FOOD CAN AFFECT INDIVIDUALS VERY DIFFERENTLY. Matthew Ainslie called attention on Facebook to this article on the Meta science news site about “a stunning paper providing startling new insight into the personal nature of nutrition.” The paper, by Eran Elinav and Eran Segal, describes a study which found that: “there exists a high degree of variability in the responses of different individuals to identical meals….”
The study traced the glycemic reactions to identical meals of some 800 subjects (rather a large number as studies go). The examples of different individual responses are striking: “…the researchers showed an example where two participants had opposite responses to cookies and bananas.Participant A maintained a stable blood glucose level after eating a cookie but responded with elevated glucose levels after eating a banana. Conversely, participant B experienced an increase in blood glucose level after eating a cookie, but not after consuming a banana.” Another striking example is that of an obese woman for whom eating tomatoes “resulted in an ‘unhealthy’ blood sugar spike”.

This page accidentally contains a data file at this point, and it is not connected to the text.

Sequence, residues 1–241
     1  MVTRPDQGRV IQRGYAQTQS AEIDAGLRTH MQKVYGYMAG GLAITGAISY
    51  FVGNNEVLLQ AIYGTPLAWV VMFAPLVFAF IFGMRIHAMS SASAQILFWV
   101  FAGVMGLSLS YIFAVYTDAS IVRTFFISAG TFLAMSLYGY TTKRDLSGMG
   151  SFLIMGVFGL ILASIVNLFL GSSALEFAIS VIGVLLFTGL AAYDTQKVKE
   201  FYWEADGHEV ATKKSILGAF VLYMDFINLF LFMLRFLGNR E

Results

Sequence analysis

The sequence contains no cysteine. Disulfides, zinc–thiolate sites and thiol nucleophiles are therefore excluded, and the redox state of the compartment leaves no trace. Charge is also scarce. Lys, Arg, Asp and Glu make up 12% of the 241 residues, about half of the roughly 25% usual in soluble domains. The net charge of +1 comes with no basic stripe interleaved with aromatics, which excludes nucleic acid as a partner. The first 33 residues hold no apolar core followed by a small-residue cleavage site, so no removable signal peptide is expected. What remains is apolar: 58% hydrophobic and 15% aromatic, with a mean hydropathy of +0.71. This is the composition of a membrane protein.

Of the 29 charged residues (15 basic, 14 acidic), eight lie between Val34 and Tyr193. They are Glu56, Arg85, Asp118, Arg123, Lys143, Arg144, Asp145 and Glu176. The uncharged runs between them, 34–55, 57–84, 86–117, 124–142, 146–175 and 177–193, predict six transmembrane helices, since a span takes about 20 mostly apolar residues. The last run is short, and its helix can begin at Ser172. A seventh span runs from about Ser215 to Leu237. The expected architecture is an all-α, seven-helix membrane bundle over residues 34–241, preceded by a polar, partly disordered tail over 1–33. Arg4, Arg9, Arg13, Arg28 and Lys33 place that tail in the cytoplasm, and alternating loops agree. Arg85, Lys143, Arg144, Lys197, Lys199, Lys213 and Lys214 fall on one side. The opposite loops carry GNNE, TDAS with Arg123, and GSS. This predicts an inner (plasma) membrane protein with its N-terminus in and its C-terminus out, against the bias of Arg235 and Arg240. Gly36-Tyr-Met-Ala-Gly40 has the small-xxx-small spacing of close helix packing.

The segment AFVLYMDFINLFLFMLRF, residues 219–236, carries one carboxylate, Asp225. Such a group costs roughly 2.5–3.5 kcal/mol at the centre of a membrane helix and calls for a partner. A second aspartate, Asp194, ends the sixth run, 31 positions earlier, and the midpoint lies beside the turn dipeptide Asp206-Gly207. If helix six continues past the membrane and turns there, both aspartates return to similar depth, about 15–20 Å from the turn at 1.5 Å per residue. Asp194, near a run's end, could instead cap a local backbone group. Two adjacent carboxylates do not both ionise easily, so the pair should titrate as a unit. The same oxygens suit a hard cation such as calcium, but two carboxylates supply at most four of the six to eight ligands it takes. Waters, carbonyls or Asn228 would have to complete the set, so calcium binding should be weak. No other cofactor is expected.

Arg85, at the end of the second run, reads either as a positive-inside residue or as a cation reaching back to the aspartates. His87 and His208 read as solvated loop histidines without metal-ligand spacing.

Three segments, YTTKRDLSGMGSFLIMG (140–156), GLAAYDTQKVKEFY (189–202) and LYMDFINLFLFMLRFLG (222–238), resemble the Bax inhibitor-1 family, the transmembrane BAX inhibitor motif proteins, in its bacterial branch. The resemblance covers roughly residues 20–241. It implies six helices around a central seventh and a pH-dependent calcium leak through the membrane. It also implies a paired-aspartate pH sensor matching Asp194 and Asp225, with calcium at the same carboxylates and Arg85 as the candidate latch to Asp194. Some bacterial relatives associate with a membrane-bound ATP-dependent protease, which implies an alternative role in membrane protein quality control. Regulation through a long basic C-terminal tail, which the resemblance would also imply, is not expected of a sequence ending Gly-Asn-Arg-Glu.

You can see that if there is great individual variation in the effect of different foods on individuals, the formulation of diet guidelines becomes more difficult. These findings may cast some light on why government diet recommendations on a one size fits all basis seem to change so frequently.